Brian Scudamore: I feel perfect. I feel like everything I've learned, the ups and the downs, they were all meant to happen. I needed to learn lessons from the mistakes I made. So people often ask the question, "What's one thing you would change?" And it may sound a little too oversimplified, but it's a heartfelt statement that I wouldn't change a thing. I needed to fail. I needed to make mistakes, I needed to be knocked down. There's times when I just about lost my business several times, but it's those things that help you learn how do you make things better? How do you care more about your people? How do you stand out more from other companies? Whatever it might be, and it's at the end of the day, you know, 27 years, I look back and I love every moment I've had. They're stressful times, but they certainly fueled the good times and looking forward, I know that will be hard times and there'll be lots of more learning, but as an entrepreneur it's a lifelong commitment to learning. You just don't ever give up on learning because those who are entrepreneurs that think they know it all I think I've reached the end of their journey.
Jonny Nastor: Beautiful answer. Beautiful answer. All right, Brian, we've got to talk about your business in passing. Can we know specifically tell the listener where to find out more about this entrepreneurship you're talking about and also where they could track you down online.
Brian Scudamore: Two places seem to be most effective. O2ebrands.com. That's letter O, which stands for ordinary. Number two, E for exceptional. So o2ebrands.com and at the bottom of the page there's a link to all our social media, my LinkedIn. So that would be the second place I'd send people to is LinkedIn. Connect with me if I can help you in any way. Being an entrepreneur I think the responsibility there is to help others who are on the same journey and I'm a big fan of that. So appreciate you having me on your podcast and it was a fun half an hour together.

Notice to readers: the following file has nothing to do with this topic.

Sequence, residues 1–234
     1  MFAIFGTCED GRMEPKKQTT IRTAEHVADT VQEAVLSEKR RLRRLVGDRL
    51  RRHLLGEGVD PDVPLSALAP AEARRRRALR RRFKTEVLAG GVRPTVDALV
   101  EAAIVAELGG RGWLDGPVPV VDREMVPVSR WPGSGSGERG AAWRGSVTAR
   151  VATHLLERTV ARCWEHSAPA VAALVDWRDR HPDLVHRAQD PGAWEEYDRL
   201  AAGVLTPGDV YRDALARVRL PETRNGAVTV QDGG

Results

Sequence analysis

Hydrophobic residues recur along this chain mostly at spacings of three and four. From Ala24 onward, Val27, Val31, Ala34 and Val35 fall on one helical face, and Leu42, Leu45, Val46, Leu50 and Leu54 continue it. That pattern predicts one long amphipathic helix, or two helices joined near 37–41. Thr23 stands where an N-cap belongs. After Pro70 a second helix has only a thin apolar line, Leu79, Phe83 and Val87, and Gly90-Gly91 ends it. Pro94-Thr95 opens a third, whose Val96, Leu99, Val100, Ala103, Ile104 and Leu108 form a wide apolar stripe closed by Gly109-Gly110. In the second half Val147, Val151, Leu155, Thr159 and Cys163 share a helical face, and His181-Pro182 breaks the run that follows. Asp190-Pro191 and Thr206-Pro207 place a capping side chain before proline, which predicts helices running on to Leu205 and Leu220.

Jonny Nastor: Oh absolutely my pleasure, Brian, and please just keep doing what you're doing cause it is awesome and inspiring to watch.
Brian Scudamore: Thank you very much sir.
Jonny Nastor: Wow, that was quite the conversation. Brian is quite the human being, quite the entrepreneur. 27 years at it and from the, I don't want to say lowliest start because it's not at all but starting a company and going around and collecting your own trash to then having this vision and taking what most people never see as something big and I mean as we intro, we talked about $215 million in revenue under O2E Brands and it's astonishing. I absolutely love the story. I enjoyed that whole conversation. I hope you enjoyed that as much as I did and got as much from that as I did. And I mean he's a Canadian. Come on, let's give it up for the Canadian entrepreneurs.
Jonny Nastor: So my favorite part always is next to being part of those conversations and getting to talk to so many smart people all the time is getting to go back. Getting to go back through the conversation. Getting to go back and see what I missed or get a second perspective on what I think I heard the first time through. So I went back and I listened, and there was a handful of things that really stood out to me. So I went back again and I listened again, and then it went back one more time and listened and the third time through there was something so clear that Brian said. There was something that he said that to me, it was the one thing. It was that thing that he said. Did you get it? Did you hear it? Let's do it. Let's find the hack.